Question: How much placebo effect is seen with antidepressants

  • Patient or Population: Patients who are treated with antidepressants
  • Intervention or Indicator: Treatment with antidepressants for depression
  • Comparison or Control: Comparing antidepressants with placebos in treating depression
  • Outcome: Controversial and debatable conclusions

1: Am J Health Syst Pharm. 2004 May 15;61(10):1059-63.

Full Text

Library Article

Role of the placebo effect in evaluating antidepressant efficacy.

Carls KA.

Pharmacy Department, Fairview University Medical Center, 2450 Riverside Avenue South, Minneapolis, MN 55454, USA.

Publication Types:

  • Clinical Trial
  • Randomized Controlled Trial

PMID: 15160783 [PubMed - indexed for MEDLINE]

2: Harv Ment Health Lett. 2003 Mar;19(9):1-5.

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Are antidepressants placebos? A persistent controversy could affect the choice of psychiatric symptoms.

[Author: Miller, MC]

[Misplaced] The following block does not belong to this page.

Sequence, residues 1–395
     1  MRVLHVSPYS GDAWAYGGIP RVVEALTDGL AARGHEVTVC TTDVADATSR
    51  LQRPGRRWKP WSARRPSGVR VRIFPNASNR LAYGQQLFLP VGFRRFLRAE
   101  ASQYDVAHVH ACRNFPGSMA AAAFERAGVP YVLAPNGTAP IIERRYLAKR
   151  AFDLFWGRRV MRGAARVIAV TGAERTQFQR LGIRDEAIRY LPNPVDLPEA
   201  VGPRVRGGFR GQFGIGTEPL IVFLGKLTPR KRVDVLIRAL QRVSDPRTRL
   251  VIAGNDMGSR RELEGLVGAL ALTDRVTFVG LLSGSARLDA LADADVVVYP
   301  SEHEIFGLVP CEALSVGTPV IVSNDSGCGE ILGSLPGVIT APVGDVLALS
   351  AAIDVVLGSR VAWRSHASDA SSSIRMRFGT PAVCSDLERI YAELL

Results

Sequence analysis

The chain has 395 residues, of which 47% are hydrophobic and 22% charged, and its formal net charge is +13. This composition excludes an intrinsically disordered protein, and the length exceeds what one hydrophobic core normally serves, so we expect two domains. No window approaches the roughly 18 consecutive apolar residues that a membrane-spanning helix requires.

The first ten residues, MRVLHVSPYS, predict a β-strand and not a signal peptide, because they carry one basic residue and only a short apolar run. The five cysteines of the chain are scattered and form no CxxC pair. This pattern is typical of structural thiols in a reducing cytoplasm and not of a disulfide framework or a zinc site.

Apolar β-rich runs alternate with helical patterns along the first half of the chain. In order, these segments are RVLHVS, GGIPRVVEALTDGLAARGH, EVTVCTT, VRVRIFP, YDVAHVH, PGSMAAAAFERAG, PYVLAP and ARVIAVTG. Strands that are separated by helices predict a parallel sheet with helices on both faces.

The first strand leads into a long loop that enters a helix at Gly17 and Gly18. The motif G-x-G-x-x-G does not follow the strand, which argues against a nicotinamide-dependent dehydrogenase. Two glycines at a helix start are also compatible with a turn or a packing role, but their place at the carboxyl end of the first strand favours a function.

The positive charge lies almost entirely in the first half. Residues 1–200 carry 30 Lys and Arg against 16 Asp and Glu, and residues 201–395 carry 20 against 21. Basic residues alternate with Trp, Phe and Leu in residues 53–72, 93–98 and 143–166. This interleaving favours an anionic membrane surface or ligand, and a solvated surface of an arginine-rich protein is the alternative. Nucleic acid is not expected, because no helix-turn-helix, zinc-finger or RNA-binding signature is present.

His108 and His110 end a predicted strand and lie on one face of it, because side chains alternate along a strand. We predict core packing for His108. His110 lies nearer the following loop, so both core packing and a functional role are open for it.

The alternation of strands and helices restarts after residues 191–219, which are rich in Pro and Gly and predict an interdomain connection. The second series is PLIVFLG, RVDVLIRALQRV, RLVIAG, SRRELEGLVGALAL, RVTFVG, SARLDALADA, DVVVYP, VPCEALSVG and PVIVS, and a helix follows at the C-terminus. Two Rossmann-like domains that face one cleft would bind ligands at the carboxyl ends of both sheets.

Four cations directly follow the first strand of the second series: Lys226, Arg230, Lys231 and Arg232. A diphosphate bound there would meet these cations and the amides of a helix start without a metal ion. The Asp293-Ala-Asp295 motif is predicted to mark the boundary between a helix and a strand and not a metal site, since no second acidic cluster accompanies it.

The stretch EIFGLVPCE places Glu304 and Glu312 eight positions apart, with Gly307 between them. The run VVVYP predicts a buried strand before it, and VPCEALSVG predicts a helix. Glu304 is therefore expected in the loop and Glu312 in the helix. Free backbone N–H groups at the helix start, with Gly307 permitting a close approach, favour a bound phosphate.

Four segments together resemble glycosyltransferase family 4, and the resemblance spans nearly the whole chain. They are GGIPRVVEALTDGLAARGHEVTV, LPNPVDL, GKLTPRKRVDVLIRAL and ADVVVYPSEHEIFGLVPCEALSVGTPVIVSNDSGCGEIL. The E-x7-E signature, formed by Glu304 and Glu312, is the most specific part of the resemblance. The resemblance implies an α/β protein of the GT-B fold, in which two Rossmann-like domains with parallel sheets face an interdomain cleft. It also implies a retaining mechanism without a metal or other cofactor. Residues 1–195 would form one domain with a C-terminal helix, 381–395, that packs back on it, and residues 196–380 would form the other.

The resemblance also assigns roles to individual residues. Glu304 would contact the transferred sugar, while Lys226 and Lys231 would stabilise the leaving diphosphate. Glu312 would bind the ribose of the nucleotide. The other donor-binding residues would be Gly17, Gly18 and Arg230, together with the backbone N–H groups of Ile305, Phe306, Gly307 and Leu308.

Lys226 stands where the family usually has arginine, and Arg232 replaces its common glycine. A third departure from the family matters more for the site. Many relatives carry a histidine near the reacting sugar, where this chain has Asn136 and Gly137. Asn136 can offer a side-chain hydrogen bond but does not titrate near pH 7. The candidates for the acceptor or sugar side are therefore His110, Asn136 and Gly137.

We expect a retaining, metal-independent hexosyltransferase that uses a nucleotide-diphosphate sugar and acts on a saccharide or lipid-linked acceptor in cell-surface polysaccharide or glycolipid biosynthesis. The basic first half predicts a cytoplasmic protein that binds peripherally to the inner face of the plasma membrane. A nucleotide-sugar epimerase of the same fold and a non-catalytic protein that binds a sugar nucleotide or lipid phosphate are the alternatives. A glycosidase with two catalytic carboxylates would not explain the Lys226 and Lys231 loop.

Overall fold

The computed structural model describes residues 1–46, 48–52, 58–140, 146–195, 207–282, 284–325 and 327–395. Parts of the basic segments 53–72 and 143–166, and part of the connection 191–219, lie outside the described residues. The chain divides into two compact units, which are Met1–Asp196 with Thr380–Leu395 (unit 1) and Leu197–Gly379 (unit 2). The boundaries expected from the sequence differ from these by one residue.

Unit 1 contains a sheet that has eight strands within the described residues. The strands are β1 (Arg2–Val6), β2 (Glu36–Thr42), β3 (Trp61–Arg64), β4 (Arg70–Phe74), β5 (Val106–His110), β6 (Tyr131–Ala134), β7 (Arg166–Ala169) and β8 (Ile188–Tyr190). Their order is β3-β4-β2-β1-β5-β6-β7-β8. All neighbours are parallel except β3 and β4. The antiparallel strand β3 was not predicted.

In mid-2002, Irving Kirsch and his colleagues published a meta-analysis of placebo-controlled clinical trials of antidepressants reported to the FDA. The report covered six drugs: fluoxetine (Prozac, others), paroxetine (Paxil), sertraline (Zoloft), venlafaxine (Effexor), nefazodone (Serzone), and citalopram (Celexa). The controversial and widely reported result was that as much as 80% of the positive response to these medications may be a placebo effect. The authors concluded that the popular drugs "may have no meaningful pharmacological effect at all."

Response to an antidepressant is often measured by the Hamilton Rating Scale for Depression (HAM-D), a 17- or 21-item scale that is completed by a mental health professional. The items cover mood, thoughts, and other symptoms of depressive illness, such as sleep and appetite disturbance. The Kirsch study showed an average drug-placebo difference of less than 2 points on the HAM-D.

The authors grant that this difference, though small, was too great to be attributed to chance alone, but they label its clinical (practical) significance as "dubious." This assertion has provoked fierce rebuttals from mainstream pharmacology researchers.

PMID: 12654576 [PubMed - indexed for MEDLINE]